Male friendship and the life of a writer are examined closely in director Xavie Villetard’s (Forever Lénine, Chez Frida Khalo) documentary that was first aired on French television. The 55 minute primarily black and white documentary covers the close and pretty much lifelong friendships between writers Jack Kerouac, Allen Ginsberg and William Burroughs and how their novels gave birth to the Beat Generation in the 1950s.
The Beat Generation started in the United States in the years following World War II. So influential it became a cultural phenomenon that inspired American youth, musicians and then evolved to give birth to the hippie culture of the 1960s in San Francisco. It was a counter culture movement that rejected the accepted style, thought and perceived materialistic nature of the time, experimented with drugs, was open sexually, and wanted to portray the human condition in a very explicit manner.
Starting in the 1950s in New York City when struggling author Jack Kerouac met fellow authors Allen Ginsberg and William Burroughs. Kerouac decided to write a large novel about their common experience. The three were fed up with what they saw as a puritanical America. Their novels – Ginsberg’s Howl (1956), Kerouac’s On the Road (1957) and Burroughs’ Naked Lunch (1959) – are seen as the seminal novels of the Beat Generation. Avant-garde literature in the United States was heavily affected by the three.
The three then began to travel to Mexico City, Tangiers, Paris, Venice, Amsterdam, San Francisco and finally back to New York. On their travels they allowed drugs, bebop music (jazz) and Eastern religions to influence their thinking and style of writing. Kerouac was really the founder of the uninterrupted style of prose the three eventually adopted. They influenced other writers to write their minds down as they were and write in a natural way. Continuity of thought was strived for.
Ginsberg’s Howl was his first epic poem and depicted a whole generation wanting to escape the existing social order. It was seen as a social bomb and landed him on the watch list of the FBI. In his own country, Ginsberg was considered a threat to homeland security. The novel was banned and pulled off the market in the United States.
Jack Kerouac is considered the centerpiece of the Beat Generation. He struggled for 7 years to get his novel On the Road published. When it finally was it was a huge hit and he was thought to replace Hemingway as the greatest American novelist. After the success of On the Road the novels he wrote in the 50s were quickly published in succession. He was never really comfortable with fame and the more he was heralded the more Kerouac felt the need to hide and rebel.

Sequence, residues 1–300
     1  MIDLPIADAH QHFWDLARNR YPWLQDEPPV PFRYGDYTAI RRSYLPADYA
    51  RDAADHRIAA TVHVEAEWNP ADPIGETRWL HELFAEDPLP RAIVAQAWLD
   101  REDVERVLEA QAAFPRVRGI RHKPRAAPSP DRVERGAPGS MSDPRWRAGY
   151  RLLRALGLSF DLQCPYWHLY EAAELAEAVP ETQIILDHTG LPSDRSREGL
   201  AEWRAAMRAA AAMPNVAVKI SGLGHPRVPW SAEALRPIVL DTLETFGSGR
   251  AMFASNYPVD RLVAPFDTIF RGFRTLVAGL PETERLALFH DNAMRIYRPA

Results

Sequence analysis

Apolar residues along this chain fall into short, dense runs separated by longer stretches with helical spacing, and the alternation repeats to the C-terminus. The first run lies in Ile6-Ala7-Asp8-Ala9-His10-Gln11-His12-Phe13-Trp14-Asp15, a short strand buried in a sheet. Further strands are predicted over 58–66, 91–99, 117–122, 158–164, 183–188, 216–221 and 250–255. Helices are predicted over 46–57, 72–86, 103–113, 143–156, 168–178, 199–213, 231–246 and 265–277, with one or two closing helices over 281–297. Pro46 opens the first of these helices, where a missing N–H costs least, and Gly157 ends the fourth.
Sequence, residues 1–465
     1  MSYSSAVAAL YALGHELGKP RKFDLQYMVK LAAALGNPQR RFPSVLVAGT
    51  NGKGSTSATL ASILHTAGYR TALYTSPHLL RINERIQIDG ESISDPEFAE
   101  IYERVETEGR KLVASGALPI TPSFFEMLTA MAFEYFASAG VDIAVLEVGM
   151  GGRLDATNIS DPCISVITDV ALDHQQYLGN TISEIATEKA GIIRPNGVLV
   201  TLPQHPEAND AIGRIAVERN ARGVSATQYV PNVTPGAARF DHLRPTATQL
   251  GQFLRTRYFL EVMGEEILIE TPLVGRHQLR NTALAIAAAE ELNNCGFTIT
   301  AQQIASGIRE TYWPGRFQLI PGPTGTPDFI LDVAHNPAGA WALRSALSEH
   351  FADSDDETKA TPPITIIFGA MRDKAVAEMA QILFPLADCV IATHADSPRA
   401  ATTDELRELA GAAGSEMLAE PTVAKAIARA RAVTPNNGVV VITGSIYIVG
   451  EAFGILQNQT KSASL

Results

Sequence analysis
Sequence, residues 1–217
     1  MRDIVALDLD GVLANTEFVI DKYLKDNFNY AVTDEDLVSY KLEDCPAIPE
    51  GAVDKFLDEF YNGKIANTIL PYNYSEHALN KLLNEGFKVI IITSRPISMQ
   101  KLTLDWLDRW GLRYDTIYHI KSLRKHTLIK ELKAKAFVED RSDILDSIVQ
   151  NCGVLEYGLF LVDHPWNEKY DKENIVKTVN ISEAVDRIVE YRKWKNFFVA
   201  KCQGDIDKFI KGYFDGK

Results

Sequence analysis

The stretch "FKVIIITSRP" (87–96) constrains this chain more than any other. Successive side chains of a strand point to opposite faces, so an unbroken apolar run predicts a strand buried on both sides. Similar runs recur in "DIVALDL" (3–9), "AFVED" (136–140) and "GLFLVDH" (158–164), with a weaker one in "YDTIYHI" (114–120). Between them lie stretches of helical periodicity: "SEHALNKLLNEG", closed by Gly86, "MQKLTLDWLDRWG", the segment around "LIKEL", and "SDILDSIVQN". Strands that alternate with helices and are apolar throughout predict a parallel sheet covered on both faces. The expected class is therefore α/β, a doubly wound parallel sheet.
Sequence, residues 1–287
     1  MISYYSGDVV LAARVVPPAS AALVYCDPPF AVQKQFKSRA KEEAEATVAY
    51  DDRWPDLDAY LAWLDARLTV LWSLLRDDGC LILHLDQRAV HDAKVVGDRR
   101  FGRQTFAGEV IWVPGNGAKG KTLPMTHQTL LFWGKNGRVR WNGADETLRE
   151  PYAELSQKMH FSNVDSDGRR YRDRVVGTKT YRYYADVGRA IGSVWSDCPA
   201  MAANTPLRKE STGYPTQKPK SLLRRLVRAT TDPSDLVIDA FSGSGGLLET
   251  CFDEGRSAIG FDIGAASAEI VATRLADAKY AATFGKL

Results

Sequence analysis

As the documentary illustrates, much of what we know about the relationship has been learned through the tons of letters they wrote each other. It was something they kept up throughout their friendships. Their fights and ensuing make ups are all there on paper. The friendships, while important to all three, were not always harmonious.
In 1958 there were definite cracks in the friendship between Kerouac and Ginsberg. They worked together on the only Beat film ever made, “Pull My Daisy”. It was the last time they would ever work together. By this time Burroughs, a heroin addict, had become a recluse in the Parisian hotel room he lived in and was dubbed the Invisible Man. In 1959 Naked Lunch is published by a French publisher and was only published in the U.S. after a court case.
No matter what controversy surrounded the Beat Generation or how much the authorities tried to repress the movement in America the number of Beatniks was growing every day. The reach even extended to the music industry as Bob Dylan was inspired by Kerouac’s spontaneous prose style and incorporated it in his songwriting.
As quickly as it had come, by 1963 Ginsberg had joined the hippies and the Beat Generation was all over. In October of 1969 Kerouac dies due to complications from drinking too much. While the Beat Generation only last a short while it still has an influence on American counter culture.